State officials have confirmed an invasive pest known to feed on a wide range of crops and trees has been found in West Virginia for the first time.
The West Virginia Department of Agriculture said in a press release released Wednesday that the Spotted Lanternfly was discovered in the Bunker Hill area of Berkeley County in late October.
The black, white and red winged planthopper is native to China and other Asian countries and likely hitched a ride on overseas cargo to the U.S. The agency said the invasive insect prefers to feed on Tree-of-Heaven trees as well as apples, walnuts, grapes and hardwood trees.
Agriculture Commissioner Kent Leonhardt said the agency is most concerned about orchards and wineries in the Eastern Panhandle. The agency said it will begin treatments to contain the insect in the spring.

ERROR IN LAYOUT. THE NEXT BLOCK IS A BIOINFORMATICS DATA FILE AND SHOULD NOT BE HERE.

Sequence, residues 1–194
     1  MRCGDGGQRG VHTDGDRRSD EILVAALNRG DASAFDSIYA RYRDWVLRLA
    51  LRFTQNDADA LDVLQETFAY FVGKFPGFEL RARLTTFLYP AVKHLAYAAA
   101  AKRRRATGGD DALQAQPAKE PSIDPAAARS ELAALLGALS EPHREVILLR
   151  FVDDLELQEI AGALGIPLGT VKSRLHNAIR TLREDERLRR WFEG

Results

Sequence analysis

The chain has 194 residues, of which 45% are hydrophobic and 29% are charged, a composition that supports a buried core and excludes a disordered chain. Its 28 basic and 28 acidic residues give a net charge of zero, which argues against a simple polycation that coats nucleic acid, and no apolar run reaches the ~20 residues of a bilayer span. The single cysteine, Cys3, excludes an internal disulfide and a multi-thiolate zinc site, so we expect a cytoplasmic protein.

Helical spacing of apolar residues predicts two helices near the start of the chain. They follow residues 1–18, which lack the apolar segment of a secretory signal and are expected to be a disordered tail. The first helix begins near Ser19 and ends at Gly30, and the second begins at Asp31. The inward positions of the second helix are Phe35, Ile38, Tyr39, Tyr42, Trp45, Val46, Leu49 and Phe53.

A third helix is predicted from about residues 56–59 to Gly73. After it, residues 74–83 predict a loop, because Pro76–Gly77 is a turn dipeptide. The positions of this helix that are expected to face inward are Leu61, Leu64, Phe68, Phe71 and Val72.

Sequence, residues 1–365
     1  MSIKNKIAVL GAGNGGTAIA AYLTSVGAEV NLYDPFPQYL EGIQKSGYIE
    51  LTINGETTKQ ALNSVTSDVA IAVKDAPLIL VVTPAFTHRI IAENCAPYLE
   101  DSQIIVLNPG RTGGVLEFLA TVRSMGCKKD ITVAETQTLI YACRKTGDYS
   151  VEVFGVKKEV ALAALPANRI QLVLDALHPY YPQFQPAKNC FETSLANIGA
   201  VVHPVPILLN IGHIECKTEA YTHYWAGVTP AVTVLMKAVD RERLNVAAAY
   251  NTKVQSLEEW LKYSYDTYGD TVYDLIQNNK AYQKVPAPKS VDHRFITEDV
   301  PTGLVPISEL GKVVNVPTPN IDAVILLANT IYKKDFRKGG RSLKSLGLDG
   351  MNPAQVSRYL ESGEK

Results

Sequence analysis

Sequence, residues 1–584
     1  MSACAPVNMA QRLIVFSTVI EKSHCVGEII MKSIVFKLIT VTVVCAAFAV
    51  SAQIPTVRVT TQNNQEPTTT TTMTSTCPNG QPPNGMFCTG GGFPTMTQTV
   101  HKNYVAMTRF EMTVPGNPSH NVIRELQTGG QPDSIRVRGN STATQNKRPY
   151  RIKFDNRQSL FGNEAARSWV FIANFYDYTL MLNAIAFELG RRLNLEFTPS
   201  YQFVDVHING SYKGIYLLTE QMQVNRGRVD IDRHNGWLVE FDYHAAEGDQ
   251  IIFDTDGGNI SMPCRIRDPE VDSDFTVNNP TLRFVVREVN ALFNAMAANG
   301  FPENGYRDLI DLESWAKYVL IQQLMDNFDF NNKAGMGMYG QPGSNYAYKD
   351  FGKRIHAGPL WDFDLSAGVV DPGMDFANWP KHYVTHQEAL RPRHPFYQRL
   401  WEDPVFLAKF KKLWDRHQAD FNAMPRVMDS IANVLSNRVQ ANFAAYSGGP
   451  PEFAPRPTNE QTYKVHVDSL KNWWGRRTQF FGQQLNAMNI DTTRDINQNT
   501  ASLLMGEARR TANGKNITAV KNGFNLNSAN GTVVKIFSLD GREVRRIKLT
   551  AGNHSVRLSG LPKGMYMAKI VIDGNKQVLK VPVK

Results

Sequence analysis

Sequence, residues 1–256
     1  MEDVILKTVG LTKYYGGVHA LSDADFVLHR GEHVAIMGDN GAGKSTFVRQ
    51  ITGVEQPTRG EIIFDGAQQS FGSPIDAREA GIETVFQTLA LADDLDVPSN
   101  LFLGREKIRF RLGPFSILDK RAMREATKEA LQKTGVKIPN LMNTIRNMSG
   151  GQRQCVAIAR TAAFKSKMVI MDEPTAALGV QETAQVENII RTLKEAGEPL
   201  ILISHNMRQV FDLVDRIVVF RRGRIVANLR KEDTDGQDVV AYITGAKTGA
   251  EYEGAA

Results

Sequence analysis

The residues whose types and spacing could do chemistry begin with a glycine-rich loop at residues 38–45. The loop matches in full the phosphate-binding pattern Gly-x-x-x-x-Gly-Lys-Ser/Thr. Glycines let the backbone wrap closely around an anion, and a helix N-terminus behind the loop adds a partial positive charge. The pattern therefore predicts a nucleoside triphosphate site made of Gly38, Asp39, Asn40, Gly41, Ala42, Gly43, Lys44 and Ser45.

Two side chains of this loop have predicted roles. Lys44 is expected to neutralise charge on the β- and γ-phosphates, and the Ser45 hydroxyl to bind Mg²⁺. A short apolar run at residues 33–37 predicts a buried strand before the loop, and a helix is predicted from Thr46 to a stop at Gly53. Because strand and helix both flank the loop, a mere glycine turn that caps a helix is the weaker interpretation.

“We have been surveying for this invasive pest for the past two years. We knew it was only a matter of time until the Spotted Lanternfly made it to our state,” Leonhardt stated. “The next step is to ask for formal assistance from our federal and state partners to put together an action plan to combat this pest.”
The agency said landowners should be on the lookout for masses of eggs, especially on land with multiple Tree-of-Heaven, which is a palm-tree looking plant that some say smells like peanut butter.